The will was apparently drawn with considerable care by a person of intelligence. It is to be assumed that the testator used language in its natural sense and with ordinary grammatical construction. If the testator had intended to condition his benefaction for the named beneficiary upon her surviving the trust, the natural, ordinary and grammatical language would have been "to Edna C. Rogers, if then living, and her children then living." He did not say so, and to include Edna C. Rogers among those whose gifts depended upon survivorship of the trust could only follow a resort to an awkward and ungrammatical application of his language or to an unwarrantable testamentary fabrication by inserting the appropriate words for the testator. ( Matter of Meyer, 162 Misc. 426, 427.) Careless use of language should not be imputed to a testator who took care to direct his "executrix and trustee or her successor" to act after the termination of her beneficial interest, either by her marriage when she could complete the administration, or by her death when she could no longer act. I hold that the testator did not intend to refer to Mrs. Rogers when he used the words "then living," nor to condition his gift to her upon her surviving her sister.
The words "as a class" were apparently used by the testator with reference to "her children then living," intending thereby to further express his separation of the remainder gifts between the named beneficiary and the designated class. By such language he stresses his intention to constitute Mrs. Rogers a tenant in common with a class whose members until their death prior to the death of the life tenant were joint tenants as among themselves during the life tenancy. (See Matter of Russell, 168 N.Y. 169; Real Property Law, § 66.)
There is no gift over and no words of survivorship are directly connected with the gift to Mrs. Rogers. To apply his subsequent language to her gift would strain grammatical rules of parsing and syntax and cut down a plain gift of a vested interest to a named beneficiary by later phrases which have, at most, doubtful reference to such gift. Such a result would violate the long-established rule to the contrary. ( Washbon v. Cope, 144 N.Y. 287, 297; Trask v. Sturges, 170 id. 482, 492.)
The testator intended to give the remainder of his residuary estate to Mrs. Rogers and such of her children as survived Miss Miner, in equal shares. He intended his limitation of survivorship to apply only to the children of Mrs. Rogers. As all of her children died prior to Miss Miner's death, the remainder which had vested in Mrs. Rogers at the testator's death was not divested in any part and such remainder is payable to her ancillary administrator.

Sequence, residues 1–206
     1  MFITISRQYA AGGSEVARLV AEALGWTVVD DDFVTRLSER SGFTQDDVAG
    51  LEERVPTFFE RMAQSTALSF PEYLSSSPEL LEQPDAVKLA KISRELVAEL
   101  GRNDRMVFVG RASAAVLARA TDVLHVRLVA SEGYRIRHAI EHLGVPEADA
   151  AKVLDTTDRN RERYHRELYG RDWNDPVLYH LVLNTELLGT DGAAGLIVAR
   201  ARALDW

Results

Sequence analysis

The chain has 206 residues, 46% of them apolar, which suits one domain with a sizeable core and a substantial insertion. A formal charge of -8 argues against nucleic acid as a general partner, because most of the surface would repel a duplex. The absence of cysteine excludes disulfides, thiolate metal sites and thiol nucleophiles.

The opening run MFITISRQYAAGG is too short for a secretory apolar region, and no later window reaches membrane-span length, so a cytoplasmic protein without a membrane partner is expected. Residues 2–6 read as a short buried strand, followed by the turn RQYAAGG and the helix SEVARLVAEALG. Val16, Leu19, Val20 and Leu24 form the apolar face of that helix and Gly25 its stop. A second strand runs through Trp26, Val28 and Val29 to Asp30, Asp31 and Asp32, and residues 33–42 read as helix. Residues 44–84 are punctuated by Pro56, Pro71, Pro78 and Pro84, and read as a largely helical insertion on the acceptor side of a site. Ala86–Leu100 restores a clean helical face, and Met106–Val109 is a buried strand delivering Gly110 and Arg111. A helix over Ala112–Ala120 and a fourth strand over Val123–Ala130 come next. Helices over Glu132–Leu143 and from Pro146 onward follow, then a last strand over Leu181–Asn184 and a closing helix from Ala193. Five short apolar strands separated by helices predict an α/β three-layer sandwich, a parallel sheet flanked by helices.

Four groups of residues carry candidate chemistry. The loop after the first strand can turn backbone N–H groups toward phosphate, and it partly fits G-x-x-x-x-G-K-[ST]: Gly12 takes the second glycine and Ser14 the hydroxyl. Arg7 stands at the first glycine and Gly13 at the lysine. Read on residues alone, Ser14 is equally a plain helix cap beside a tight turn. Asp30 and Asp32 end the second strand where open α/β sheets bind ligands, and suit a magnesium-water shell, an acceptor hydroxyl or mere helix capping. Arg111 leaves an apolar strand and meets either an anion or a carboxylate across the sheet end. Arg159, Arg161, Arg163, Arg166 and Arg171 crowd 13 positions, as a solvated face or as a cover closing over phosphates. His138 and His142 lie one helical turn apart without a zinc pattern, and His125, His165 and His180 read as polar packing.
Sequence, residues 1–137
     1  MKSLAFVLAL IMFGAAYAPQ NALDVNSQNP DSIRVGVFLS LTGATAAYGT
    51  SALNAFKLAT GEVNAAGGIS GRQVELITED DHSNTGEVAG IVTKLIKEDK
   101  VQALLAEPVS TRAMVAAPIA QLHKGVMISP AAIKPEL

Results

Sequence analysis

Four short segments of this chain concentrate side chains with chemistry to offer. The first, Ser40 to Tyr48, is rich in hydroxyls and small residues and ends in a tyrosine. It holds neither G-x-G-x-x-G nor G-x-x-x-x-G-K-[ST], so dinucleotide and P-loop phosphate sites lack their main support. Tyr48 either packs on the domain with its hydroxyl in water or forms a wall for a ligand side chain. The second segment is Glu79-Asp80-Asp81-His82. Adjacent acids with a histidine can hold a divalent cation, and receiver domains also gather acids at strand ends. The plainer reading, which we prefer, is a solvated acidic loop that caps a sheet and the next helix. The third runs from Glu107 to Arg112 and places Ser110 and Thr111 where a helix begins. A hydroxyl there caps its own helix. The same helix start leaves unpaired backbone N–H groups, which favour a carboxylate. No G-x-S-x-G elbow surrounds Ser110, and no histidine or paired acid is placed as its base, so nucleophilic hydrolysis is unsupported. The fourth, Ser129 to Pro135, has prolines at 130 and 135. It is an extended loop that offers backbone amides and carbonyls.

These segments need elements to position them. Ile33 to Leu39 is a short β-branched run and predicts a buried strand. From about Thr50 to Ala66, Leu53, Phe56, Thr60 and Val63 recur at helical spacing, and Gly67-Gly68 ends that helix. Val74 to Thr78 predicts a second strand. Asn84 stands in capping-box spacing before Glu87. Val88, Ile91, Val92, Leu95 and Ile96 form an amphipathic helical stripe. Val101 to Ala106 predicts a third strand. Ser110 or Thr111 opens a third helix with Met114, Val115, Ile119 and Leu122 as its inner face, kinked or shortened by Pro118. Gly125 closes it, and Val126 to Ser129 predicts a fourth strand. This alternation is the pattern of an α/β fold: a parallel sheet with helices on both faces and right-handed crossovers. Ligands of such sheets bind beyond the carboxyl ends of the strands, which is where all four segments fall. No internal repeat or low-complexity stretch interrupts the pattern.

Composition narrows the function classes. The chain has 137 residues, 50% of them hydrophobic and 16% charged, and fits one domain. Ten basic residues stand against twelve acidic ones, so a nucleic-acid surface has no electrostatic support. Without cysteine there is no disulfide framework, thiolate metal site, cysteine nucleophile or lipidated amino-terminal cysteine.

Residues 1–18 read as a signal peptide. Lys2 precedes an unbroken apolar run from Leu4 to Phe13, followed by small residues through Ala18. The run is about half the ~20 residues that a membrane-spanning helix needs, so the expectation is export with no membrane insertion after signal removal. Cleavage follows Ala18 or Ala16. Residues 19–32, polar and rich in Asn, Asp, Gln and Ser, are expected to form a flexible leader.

He intended to vest the entire remainder in Mrs. Rogers, subject only to such divestment therefrom as might be measured by the number of her children who were living at the death of Miss Miner.
At the testator's death there were three persons in being, Mrs. Rogers and her two children then living, who would have an immediate right to possession of the property on the determination of the only intermediate estate, Miss Miner's life estate. Mrs. Rogers' future estate, therefore, was vested (Real Property Law, § 40), subject to being divested in whole or in part by invasions authorized by the testator, and in part only by one or more of her children, including those born during the life tenancy, surviving Miss Miner. ( Matter of Chalmers, 238 A.D. 672, 675; affd., 264 N.Y. 239.) Mrs. Rogers died before the life tenant and never came into actual possession of the remainder. That fact, however, has no effect upon her vested interest nor upon the rights of her estate. ( Matter of Chalmers, 264 N.Y. 239, 247, affg. 238 A.D. 672, 675; United States Trust Co. v. Taylor, 193 id. 153, 156; affd., 232 N.Y. 609; Matter of Benton, 244 A.D. 56, 60; affd., 269 N.Y. 579.)
Construction pursuant to the so-called "divide and pay over" rule has been urged. But this rule, like other canons of construction, is applicable only when testamentary intent cannot otherwise be ascertained. It is merely an aid in the search for the testator's intent and should not be used to pervert or nullify such intent. ( Matter of Tienken, 131 N.Y. 391, 409; Fulton Trust Co. v. Phillips, 218 id. 573, 583.)
The testator's intent is clearly ascertained from his language, and the application of canons of construction is unnecessary. If applied, however, they would support my interpretation. (See Matter of Meyer, supra; Matter of Curlett, 166 Misc. 944, and cases cited in each.)
Where there is ambiguity and the testamentary intent is veiled in doubtful language the law prefers a construction resulting in complete testacy rather than in partial intestacy ( Johnson v. Brasington, 156 N.Y. 181, 187; Matter of Ossman v. Von Roemer, 221 id. 381, 387); in the vesting of a future estate at the earliest possible moment rather than in any contingency ( Hersee v. Simpson, 154 N.Y. 496, 500; Matter of Chalmers, supra), especially if the gift be of the residuary ( Fulton Trust Co. v. Phillips, supra, p. 580) and the postponement of possession be merely for the convenience of the estate to let in an intervening estate, such as Miss Miner's life estate ( Matter of Young, 145 N.Y. 535, 539; Matter of Embree, 9 A.D. 602, 605; affd. on opinion of court below, 154 N.Y. 778); and in the absolute vesting in remaindermen whom the testator designated by name. ( Matter of Lamb, 182 A.D. 180, 186; affd., 224 N.Y. 577; Matter of Soy, 143 Misc. 217, 221.)
Mrs. Rogers' estate is entitled to the entire remainder, and letters of administration with the will annexed are directed to issue to her ancillary administrator.
The amount of his bond will be determined upon the settlement of the decree to be entered hereon.